Monthly Archives: February 2016

Take Advantage of the Extra Day

Well, guys, you may have come into 2016 thinking it was just another year, nothing special about it at all. However, that would be considered incorrect because this year is a Leap Year which means we get one extra day at the end of this month. You may now be plagued with thoughts of what to do all those extra hours and my suggestion to you is to do something extra in our CCH community.

It is not too late to join a club such as Athletic Leadership or Student Council. You and a group of friends could come out and support the arts by watching Beauty and the Beast that is running from March 3-March 12. You could also help out the crew or front of house for the play. Be sure to take part in the CCH Blood Drive throughout the month of March. (You have a whole extra day to create more blood!) There are always basketball games or badminton matches to watch, and keep an eye open for tryouts for baseball and slo-pitch.

For one last way to take advantage of the extra day a leap year provides, why not learn some facts about leap year?

  • There is a leap year on the years that are divisible by 4. The exception to this (Isn’t there always an exception?) are on the years that are also divisible by 100 and not divisible by 400. There are even more rules, but that’s too much math.
  • It was Julius Caesar who introduced leap years.
  • It is also St. Oswold’s Day, who was an archbishop of York.

Happy extra day!

  • Kaitlyn


Kaitlyn Stolte is a grade eleven student at CCH. She enjoys hanging out with friends, binge-watching Netflix, and telling terrible jokes. Her favourite thing about CCH is the three-hour classes.

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Anti-Valentine’s Day

Valentine’s Day: a holiday fueled by capitalism and created by companies that feed on women’s insecurities. I’m kidding, of course, although sometimes you can’t help but wonder what all the hype is really about.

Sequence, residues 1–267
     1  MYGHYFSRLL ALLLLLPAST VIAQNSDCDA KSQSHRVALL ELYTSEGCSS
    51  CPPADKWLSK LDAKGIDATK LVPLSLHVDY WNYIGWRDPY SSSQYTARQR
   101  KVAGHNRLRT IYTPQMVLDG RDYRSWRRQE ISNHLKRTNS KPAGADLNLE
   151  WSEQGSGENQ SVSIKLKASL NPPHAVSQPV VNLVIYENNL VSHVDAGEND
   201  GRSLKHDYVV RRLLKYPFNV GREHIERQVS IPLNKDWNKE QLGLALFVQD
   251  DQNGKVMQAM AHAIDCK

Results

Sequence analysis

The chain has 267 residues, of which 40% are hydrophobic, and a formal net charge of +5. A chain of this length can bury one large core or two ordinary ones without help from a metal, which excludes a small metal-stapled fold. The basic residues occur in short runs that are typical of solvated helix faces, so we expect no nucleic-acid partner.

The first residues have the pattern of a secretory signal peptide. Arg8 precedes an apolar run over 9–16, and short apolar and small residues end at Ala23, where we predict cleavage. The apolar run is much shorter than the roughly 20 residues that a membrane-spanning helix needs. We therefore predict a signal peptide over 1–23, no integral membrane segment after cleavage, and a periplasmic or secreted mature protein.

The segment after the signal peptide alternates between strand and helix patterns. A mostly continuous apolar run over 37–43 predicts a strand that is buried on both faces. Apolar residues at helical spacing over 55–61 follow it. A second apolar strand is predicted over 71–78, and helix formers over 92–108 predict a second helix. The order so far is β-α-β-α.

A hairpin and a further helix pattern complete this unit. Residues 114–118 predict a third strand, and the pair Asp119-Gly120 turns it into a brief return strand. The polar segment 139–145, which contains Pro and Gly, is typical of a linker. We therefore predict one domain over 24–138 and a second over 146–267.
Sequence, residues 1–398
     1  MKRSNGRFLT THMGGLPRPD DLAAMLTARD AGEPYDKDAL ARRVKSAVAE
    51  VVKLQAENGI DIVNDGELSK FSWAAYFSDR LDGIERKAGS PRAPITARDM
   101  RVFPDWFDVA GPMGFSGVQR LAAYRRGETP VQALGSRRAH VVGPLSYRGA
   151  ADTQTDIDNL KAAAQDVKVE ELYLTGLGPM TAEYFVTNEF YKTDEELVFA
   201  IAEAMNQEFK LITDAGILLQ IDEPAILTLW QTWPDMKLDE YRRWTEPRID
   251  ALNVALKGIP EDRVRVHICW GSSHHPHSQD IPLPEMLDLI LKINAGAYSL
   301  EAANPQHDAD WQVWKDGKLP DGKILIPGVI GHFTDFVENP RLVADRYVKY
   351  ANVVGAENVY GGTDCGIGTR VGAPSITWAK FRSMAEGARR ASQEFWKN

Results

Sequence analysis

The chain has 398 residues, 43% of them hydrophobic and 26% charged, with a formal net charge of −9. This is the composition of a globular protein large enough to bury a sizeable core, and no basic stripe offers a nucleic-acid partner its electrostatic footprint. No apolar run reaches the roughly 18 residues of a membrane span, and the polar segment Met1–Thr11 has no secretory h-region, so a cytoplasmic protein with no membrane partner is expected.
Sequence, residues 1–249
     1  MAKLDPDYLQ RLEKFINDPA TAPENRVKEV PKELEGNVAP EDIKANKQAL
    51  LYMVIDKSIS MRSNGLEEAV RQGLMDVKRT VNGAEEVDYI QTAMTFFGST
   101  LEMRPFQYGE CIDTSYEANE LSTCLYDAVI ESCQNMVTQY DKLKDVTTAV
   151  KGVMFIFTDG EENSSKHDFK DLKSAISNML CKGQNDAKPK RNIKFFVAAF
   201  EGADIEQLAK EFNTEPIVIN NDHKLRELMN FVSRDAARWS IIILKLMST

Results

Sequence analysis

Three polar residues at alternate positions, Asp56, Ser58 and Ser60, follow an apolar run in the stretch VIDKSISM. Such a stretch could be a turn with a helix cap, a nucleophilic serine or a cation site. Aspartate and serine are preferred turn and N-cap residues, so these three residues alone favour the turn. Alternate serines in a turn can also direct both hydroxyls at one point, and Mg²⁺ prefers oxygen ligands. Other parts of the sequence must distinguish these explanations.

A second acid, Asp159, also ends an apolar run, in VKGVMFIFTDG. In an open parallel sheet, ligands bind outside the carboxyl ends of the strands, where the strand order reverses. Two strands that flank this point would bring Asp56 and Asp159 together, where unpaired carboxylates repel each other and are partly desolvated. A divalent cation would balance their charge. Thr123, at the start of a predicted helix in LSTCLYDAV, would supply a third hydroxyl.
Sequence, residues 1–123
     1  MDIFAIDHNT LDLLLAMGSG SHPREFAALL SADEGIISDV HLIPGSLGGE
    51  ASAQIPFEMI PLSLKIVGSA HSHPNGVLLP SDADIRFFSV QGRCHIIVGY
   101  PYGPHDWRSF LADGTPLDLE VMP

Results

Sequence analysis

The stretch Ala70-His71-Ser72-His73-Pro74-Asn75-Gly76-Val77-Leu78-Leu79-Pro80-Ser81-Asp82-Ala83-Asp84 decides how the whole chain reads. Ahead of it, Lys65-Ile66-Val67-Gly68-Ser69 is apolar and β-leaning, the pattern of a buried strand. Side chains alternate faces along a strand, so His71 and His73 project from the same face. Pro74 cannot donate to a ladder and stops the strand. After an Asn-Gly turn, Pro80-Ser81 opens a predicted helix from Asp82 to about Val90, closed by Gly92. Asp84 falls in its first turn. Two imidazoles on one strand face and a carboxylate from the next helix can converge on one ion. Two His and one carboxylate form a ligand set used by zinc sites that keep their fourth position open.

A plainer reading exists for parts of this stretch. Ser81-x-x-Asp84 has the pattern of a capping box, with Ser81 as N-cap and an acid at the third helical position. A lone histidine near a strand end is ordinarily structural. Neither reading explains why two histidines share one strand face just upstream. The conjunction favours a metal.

Valentine’s Day is that one day a year you’re supposed to go all mushy and show your significant other just how much you care. And for you single people out there (AKA: the other 57% of the human race), well, you just get to feel bad about yourself because the only date you’ll have on February 14th is one with your laptop, and if you’re lucky enough, a good tub of Ben and Jerry’s.

Why is it necessary to have a specific day where you’re supposed to demonstrate your affection towards someone? There are 364 other perfectly good days that could (and should) be used to let your partner know you care. I mean, come on people! Can’t we be a little more spontaneous here, or do we really need an assigned day to do such activities? I’m not hating on Valentine’s Day because I’m bitterly single or anything. I just don’t seem to understand what the big deal with this day is. I mean, pink and red heart-shaped stuff everywhere…what’s the point? The shape of the heart we so commonly use isn’t even anatomically correct and why the heck do we discriminate all the other cool colours, like blue, or maybe green? What did poor ol’ blue and green do to anyone? They could be romantic colours if they wanted to be, but no one ever gave ’em a shot.

OK, so maybe I’m going off on a bit of a tangent here, but my point is, isn’t Valentine’s Day just a little overrated? Before I end my post, here are a few facts about this infamous day that may make you think twice about how great Valentine’s Day really is:

Fact #1: In the two-week period leading up to Valentine’s Day, North American sales of gold jewelry lead to 34 million metric tons of waste. (Is destroying the environment romantic? I think not.)